Pregnant New Yorkers may be entitled to free parking, thanks to New York City Councilman David Greenfield (D-Brooklyn). Yep. Special privileges for the maternity set in a city that has people who don't often offer up their subway seat for pregnant women.

Greenfield's proposal, in theory, is pretty rad. Women who are having "difficult pregnancies" could park for free in no-parking or no-standing zones with a note from their doctor. The rule would even give them a cushion of 30 days after their due dates, just in case those ladies deliver late or have postpartum recovery challenges.

The story has already brought out plenty of commenting haters, with 56 percent of polled Daily News readers saying there isn't enough parking as it is. 

Now, I could see parking lots in the suburbs having this policy, but let's focus on the real problem: pregnant commuters standing on buses and subway trains. This happens every day, and you know you've seen it happen. Or it's happened to you.

How hard would it be for a councilman like Greenfield to amend those signs in train cars reserving seats for the elderly and disabled to include pregnant women? Or to require that bus drivers make announcements kindly suggesting that riders offer their seats to pregnant women?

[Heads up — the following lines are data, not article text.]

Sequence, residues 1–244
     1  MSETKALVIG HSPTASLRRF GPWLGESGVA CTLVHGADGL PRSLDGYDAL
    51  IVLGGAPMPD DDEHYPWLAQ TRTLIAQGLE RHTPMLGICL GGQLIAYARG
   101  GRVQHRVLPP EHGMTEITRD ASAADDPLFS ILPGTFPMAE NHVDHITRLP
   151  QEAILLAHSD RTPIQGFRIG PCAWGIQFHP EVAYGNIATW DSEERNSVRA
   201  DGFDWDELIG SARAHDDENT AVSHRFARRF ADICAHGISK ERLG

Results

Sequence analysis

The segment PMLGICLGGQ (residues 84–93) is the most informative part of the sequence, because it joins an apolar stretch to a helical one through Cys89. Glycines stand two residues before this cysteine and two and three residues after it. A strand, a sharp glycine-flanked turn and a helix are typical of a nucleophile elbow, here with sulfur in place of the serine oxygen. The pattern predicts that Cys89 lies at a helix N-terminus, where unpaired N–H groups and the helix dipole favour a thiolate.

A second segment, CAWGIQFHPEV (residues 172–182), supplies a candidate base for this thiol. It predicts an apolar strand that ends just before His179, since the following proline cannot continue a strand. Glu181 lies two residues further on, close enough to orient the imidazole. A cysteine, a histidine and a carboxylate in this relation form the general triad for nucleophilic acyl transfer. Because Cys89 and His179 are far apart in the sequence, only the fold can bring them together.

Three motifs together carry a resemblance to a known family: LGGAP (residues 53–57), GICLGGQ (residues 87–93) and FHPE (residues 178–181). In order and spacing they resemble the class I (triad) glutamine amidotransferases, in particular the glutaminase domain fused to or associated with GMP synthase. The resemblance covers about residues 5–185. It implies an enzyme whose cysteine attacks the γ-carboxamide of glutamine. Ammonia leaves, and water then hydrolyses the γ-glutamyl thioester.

I avoided the bus like the plague during my pregnancy, mainly because the driver would jerk the bus forward before I even got close to a seat. I even had one female driver make me exit from the rear although I was sitting next to the front door!

As for the subway, I couldn't believe how late in my pregnancy people really took notice. Sure, just days before I delivered, I would get on the train and not have to dramatically look around for a seat. But two weeks before that? Trust me, I rode several stops before anyone noticed or cared, and it took awhile just to get to that point.

Greenfield's proposal is a nice idea, but it's just a Band-Aid for a bigger issue.

Do pregnant New Yorkers deserve parking privileges or is there a better solution?

 

Image via Flickr/cordelia_persen